Wednesday, June 29, 2011

How Jane Austen and Phyllis A. Whitney Taught Me to Write

I like to write about things that mess with our minds, that crawl inside our heads and twist reality. I like to write about how we think we know something and we don't; or how we suddenly discover something that was there all the time, we just couldn't see it. Whether it be social prejudices or Bigfoot in the backyard, the topics that make us stop and totally revamp our outlook on something or someone is what intrigues me both as a writer and a reader. As I look back on the books I read as a teen - even though the genres run the gamut between mystery and contemporary, horror and romance, sci-fi and historical, classics and thrillers - they all had that same theme. Although there were many, many authors that influenced my writing, two stand out: Jame Austen and Phyllis A. Whitney.

I read everything Austen growing up. The struggles Austen created between her characters' desires (love, independence, adventure) and what society expected always grabbed me. I think because even though I didn't live in that era, the stories echoed my own struggles to be someone other than what everyone expected - and okay, yes, I was also hoping there was a Knightley or Darcy out there, waiting for me.  My all-time favorite is Emma. I absolutely love how Emma gets herself into such trouble because she misses key social clues - especially in her own life (her relationship with Knightley is one of my favorites, seconded only by that of Elizabeth Bennett and Mr. Darcy in Pride and Prejudice). What I love most though is that what Emma thinks she knows and what is truth tangles her in a web of misunderstandings. That tangled web is what I strive for when I am plotting a book. I like to make my characters do things or say things that get them further and further into trouble. Cruel? Maybe, but the fun is watching them get themselves out of it and they are better people for it.

Growing up I also read everything Phyllis A. Whitney. In my opinion, she is the Queen of  Mystery, and her books taught me how to keep the reader on the edge of their seat, turning the pages, and guessing until the very end. While her books were grounded in reality, there was always just enough of the unknown, a tiny taste of the paranormal or supernatural, to keep you huddled in the corner, nerves on edge while you devoured every word. Her books took me all over the world in intriguing set-ups with mysteries to solve or ghosts to find. She threw me in head first and kept me reading, heart-pounding, every time. I love that aspect - and strive to do the same when I write.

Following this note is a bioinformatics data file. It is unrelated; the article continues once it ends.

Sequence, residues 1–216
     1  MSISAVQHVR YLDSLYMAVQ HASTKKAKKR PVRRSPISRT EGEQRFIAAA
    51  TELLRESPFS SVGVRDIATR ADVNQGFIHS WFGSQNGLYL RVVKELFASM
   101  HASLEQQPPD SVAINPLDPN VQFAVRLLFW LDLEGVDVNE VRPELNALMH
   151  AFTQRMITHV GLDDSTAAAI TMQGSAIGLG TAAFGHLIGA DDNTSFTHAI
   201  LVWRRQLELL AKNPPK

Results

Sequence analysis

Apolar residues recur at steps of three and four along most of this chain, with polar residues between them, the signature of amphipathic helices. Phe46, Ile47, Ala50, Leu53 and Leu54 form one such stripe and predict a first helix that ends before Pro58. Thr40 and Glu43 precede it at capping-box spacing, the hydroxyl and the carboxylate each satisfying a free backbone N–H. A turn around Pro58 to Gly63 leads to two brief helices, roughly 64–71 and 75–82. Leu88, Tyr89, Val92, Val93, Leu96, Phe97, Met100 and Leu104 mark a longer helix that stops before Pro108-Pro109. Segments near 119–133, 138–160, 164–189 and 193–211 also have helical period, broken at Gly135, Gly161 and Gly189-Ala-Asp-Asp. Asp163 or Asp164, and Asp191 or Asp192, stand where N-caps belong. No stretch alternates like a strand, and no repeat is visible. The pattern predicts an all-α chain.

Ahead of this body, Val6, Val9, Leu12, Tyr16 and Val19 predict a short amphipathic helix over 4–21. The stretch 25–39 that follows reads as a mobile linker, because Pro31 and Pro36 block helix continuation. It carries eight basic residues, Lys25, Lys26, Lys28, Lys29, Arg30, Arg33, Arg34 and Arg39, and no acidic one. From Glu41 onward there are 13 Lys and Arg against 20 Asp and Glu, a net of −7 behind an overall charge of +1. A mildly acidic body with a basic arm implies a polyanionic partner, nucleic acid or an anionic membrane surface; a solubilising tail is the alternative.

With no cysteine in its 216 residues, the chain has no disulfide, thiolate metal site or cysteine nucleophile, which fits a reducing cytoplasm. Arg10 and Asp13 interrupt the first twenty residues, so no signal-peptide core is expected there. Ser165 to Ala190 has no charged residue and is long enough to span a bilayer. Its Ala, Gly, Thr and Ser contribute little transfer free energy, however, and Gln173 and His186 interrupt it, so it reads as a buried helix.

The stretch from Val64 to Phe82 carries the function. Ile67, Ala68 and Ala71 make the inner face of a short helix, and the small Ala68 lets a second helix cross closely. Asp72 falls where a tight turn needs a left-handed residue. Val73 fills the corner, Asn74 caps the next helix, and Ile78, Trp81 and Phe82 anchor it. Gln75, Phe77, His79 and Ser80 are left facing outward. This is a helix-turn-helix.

My novel BLIND SPOT a contemporary thriller, has a little bit of both Austen and Whitney in it and explores what it is like to be blind, both physically and emotionally, to the things around you. I hope you'll check it out when it debuts in Fall of 2012.


  1. Ooo, I read a little Phyllis A. Whitney as a kid, too! There was one called THE GOLDEN UNICORN I reread a couple times because it had a unicorn necklace. Yeah, I had a thing about unicorns. :D

  2. Laura, I love that you can torture your characters. I'm really working on this. And what better role models to have than Austen and Whitney. Even though Emma drives me crazy, that book is so well-plotted and rife with conflict. Great post!

  3. Nice post, Laura. I read so much growing up, how did I overlook Phyllis A. Whitney? Come to think of it, I didn't discover Jane Austen until she was required reading for college either.

  4. Can't wait for your book, Laura. As I've mentioned, blindness is a huge part of our family's life. To hear you're inspired by Austen just makes us all the more excited!

  5. Jodi, I remember that one! Eve, yeah, Emma can be crazy-making, but that's why I love her character so much; I think if there was such a thing as 'YA' when Austen was writing, Emma would've been published as such. Kristin, you should try to find some Whitney and read her. I bet Maya would like her :) and Anne, thank you! I can't wait to meet your daughter :)